So many romances show the story from two points of view (and many readers complain when there is only one) that I was under the impression that romances at least were better with two protagonists. Obviously, I was mistaken in assuming two points of view, even if given equal time, meant two protagonists, but I was curious why you felt the story should belong to one protagonist, even if some scenes were in the other point of view.
Let’s start with the first question (the one I put. in the title) which is what’s the difference between a protagonist and a point of view character?
The protagonist is the character who owns the story.
A point of view character is the character through whose eyes we see a scene played out. Therefore you can have several PoV characters in a story (only one per scene if you PoV is third limited; if it’s third omniscient, the PoV is Narrator as God, and that’s a different post).
So why only one protagonist? Because if you have more than one protagonist, you have more than one story. That’s fine as long as one story is dominant, the main story of the book, and the other is subordinate and supports that main story, a subplot. (The protagonist of a subplot does not have to be the protagonist of the main plot.)
Why can’t both plots be equal? Because you have to pick a lane, Sparky. Let’s assume your contract is for 100,000 words. In that 100,000 words, you have to introduce the protagonist, introduce her conflict, foreshadow or introduce her antagonist, establish setting, mood, tone, and community, and then tell the story of her struggle through turning points and setbacks. Suddenly 100,000 words ain’t that damn many. But you want a subplot to deepen the layers of the book and support the main plot. Now you don’t have 100,000 words, you have about 80,000. If you want two subplots, you’ve got maybe 70,000. If you have three subplots in a 100,000 word book, you’re nuts; don’t do that. (Yes, I have done that. It was dumb. I regretted it.)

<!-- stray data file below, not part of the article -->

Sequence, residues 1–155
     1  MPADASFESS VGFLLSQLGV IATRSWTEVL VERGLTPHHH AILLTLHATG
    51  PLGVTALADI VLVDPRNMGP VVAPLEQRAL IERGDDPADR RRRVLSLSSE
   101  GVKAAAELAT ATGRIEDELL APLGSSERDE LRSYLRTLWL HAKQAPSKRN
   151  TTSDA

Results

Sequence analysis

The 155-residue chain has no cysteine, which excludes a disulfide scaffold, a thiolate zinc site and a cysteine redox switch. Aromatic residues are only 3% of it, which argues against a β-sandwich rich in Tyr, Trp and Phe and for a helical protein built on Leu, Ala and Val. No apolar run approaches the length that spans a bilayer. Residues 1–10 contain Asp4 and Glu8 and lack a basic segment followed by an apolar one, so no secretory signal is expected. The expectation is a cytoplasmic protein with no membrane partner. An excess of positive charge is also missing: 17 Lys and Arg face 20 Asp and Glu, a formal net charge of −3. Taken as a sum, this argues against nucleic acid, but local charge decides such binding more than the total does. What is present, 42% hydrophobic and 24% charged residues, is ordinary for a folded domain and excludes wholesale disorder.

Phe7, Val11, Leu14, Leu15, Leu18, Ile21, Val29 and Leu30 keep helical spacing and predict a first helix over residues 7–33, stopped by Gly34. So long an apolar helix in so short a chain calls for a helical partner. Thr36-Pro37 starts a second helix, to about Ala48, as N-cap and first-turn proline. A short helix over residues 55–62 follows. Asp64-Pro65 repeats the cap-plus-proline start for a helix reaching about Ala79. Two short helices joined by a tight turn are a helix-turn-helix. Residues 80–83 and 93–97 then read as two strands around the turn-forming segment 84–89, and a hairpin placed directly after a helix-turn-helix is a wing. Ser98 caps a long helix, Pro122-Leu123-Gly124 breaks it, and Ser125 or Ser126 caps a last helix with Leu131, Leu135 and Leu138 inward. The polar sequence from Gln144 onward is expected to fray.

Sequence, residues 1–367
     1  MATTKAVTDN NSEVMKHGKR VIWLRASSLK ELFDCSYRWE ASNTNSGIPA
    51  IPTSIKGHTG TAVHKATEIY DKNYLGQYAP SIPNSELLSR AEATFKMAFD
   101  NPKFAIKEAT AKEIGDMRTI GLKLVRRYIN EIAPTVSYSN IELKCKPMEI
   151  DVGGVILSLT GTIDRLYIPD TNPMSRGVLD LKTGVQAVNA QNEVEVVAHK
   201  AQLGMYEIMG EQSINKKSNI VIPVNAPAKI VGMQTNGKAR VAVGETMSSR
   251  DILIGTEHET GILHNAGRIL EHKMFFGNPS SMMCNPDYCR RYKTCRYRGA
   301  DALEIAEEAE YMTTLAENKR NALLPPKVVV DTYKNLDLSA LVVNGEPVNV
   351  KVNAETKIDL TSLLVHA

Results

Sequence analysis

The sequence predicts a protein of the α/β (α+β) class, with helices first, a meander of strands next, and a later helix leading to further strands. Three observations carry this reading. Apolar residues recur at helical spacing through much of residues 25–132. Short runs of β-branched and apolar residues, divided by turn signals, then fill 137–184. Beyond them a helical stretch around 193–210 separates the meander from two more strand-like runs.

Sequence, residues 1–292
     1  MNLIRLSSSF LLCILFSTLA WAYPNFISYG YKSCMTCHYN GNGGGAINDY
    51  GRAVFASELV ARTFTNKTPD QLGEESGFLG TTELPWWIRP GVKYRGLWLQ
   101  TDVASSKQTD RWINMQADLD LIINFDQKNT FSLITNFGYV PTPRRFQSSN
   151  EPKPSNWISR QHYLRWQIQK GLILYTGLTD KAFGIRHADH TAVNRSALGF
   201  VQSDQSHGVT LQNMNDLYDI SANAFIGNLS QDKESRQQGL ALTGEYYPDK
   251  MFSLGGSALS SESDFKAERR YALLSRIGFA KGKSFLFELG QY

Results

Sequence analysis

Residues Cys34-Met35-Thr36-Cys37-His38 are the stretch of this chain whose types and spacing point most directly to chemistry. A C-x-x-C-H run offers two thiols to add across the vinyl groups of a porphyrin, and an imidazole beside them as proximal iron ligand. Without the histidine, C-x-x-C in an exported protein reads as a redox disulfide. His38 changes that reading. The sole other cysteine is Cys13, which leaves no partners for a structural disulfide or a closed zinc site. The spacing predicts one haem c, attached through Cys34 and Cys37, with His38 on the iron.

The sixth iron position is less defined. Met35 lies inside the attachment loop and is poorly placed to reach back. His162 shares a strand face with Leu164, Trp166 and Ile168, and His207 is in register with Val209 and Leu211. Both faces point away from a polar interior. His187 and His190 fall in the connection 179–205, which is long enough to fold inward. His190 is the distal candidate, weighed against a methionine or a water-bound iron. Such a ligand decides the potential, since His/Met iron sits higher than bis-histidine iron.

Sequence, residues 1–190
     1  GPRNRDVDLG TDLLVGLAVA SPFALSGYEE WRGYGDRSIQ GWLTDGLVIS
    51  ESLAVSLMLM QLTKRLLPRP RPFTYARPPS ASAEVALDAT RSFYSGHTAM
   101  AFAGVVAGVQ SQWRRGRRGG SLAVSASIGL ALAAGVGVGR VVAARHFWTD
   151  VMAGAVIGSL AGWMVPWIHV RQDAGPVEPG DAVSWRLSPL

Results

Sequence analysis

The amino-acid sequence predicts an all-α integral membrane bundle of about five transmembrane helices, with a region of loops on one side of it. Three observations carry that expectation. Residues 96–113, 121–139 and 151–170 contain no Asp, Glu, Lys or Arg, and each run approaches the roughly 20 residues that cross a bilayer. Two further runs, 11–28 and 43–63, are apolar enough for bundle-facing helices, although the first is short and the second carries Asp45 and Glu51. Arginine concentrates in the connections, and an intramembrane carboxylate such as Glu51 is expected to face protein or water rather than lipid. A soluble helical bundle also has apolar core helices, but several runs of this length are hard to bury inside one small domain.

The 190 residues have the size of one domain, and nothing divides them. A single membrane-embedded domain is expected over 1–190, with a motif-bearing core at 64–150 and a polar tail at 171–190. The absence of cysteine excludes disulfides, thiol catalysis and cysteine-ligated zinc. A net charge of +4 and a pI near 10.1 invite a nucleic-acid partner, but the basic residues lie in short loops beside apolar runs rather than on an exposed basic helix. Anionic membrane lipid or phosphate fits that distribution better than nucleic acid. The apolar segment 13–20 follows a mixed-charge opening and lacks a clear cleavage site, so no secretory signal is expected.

Now let’s look. at 100,000 word book with two main plots. That’s 50,000 words each. You know those short little Harlequin romances I wrote? They were all 75,000 to 80,000 words. A 50,000 word story is SHORT. You had all that lovely real. estate and you subdivided it into two tiny parcels. And for why? Because you wanted to show both PoVs? You can do that, just knock the less important story down to a subplot and give the rest of the real estate back to the big story so that you have enough room to actually develop it.
Okay, but suppose you don’t want to limit yourself to 100,000 words. You want both stories to be equal, so you’re going to write a 200,000 word book. Two things here. One, you better be a genius writer because that’s a helluva long time to sustain. reader interest. Two, you better be a super-genius writer because you’re trying to sustain reader interest in two different stories at the same time. I mean, I think I’m good, but I’m not that good. There are people who write those huge tomes and more power to them, but they’re almost always sweeping sagas with casts of thousands, okay dozens, that span years.